This guide will take you through enabling two-factor authentication for your Brightbox user account.
Conventional username and password authentication is susceptible to password stealing, such as phishing attacks which trick a user into logging into a fake site and steal their credentials.
Two-factor authenticaton, also known as 2FA, protects you these kinds of issues by requiring an additional single-use code to log in, usually generated by an app on your phone.
You will need a Time-based One-Time Password (TOTP) generator such as Google Authenticator or FreeOTP.
Setup your two-factor application
Firstly, log in to Brightbox Manager as usual with your email address and password.
Then click the user menu up at the top right and select
Then click the
Setup Two-factor Auth button and you’ll be presented with
a QR barcode which you should scan with your TOTP generator app.
Scan the QR and a new entry should appear in your app labelled “Brightbox”. Tap
the entry to get your first code, which will be a six digit number, and enter it
into the box in Brightbox Manager and click
Two-factor authentication is now enabled.
Save your backup codes
You’re now given five backup codes for use recovering access if you ever lose the ability to generate new one-time codes. Each backup code can be used only once and you cannot create any more of them, so once you’ve recovered access you should immediately reconfigure two-factor authentication with a new device.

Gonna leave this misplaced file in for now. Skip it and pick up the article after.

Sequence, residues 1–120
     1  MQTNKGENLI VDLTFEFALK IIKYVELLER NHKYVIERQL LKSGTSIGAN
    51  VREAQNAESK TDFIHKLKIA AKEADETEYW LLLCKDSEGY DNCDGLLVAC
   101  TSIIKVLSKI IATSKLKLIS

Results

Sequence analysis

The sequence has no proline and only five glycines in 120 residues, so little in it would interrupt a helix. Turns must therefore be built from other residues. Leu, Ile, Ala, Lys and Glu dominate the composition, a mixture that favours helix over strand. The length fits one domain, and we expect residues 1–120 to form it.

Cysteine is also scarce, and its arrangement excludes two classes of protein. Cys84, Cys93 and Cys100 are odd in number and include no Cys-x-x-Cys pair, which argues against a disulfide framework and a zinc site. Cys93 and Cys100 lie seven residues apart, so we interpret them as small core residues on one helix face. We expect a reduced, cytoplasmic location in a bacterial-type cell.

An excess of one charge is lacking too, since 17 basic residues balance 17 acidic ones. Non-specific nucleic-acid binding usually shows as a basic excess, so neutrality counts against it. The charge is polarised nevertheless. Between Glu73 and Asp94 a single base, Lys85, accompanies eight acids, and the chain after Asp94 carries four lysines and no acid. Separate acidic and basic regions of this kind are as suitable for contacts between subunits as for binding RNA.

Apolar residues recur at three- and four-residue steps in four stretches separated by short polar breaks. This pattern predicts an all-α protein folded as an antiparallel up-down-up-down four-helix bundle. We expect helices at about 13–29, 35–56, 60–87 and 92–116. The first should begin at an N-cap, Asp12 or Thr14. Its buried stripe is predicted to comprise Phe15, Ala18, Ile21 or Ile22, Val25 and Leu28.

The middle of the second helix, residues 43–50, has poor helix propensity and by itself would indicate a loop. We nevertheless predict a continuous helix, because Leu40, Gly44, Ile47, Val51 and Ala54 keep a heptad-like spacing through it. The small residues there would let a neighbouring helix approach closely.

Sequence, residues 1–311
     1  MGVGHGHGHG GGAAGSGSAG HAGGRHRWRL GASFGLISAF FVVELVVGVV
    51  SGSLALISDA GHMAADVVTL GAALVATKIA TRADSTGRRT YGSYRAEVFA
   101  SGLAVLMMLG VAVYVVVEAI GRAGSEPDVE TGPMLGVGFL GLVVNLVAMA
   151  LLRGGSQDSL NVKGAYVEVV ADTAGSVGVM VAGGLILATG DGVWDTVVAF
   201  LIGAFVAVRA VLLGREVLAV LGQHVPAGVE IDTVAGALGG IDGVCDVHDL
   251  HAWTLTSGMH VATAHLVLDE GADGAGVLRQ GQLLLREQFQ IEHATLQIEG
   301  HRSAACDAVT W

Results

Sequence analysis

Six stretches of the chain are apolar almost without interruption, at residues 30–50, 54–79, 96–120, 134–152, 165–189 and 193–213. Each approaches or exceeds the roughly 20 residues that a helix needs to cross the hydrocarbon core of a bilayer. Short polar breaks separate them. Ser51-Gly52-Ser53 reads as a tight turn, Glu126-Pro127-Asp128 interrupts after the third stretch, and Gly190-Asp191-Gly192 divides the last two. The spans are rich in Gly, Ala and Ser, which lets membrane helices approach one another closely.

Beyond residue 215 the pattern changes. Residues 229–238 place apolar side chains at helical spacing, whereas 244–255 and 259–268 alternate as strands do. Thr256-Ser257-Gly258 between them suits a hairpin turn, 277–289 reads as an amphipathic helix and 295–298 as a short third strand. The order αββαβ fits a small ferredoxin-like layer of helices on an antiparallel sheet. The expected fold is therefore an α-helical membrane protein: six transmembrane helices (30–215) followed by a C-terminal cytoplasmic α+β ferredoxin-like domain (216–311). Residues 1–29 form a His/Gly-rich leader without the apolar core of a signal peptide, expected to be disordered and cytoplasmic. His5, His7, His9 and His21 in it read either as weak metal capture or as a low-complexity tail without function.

This is the only time the backup codes are ever displayed to you, so note them down and store them securely, like you would a password.
Logging in with two-factor authentication
Different tools support two-factor authencation in different ways.
Tools that natively support two-factor will prompt you for your code explicitly.
Brightbox Manager and the Brightbox CLI natively supports two-factor authentication so after logging in as usual with your email and password you’ll then be prompted for your two-factor code before you can continue.
You’ll then only need to enter a new code if your session expires (usually a few hours) or after you explicitly log out.
Two-factor code in your password field
You can also provide your two-factor code up-front, as part of your password. This works with any existing tool that already works with Brightbox.
Enter your email address as your username as usual, then for the password enter
your password with a two-factor code tagged on the end separated by a
Email: firstname.lastname@example.org Password: mypassword+123456
If the tool properly supports Brightbox OAuth authentication and caches the OAuth token, then you’ll only need to enter a code when your session expires (usually a couple of hours). Otherwise you’ll need to provide a new code every time you run the tool. That can be tiresome so instead you can use Temporary access tokens as your password.
Temporary access tokens
Temporary access tokens are randomly generated passwords for your user that expire after a couple of hours. You can use them in place of your password to login with any tool that doesn’t support two-factor authentication.
You can obtain a temporary access token using the Brightbox CLI:
$ brightbox token create --format=token dd02c7c2232759874e1c205587017b9d99d9ddee
That token can then be used with other tools as the password:
Email: email@example.com Password: dd02c7c2232759874e1c205587017b9d99d9ddee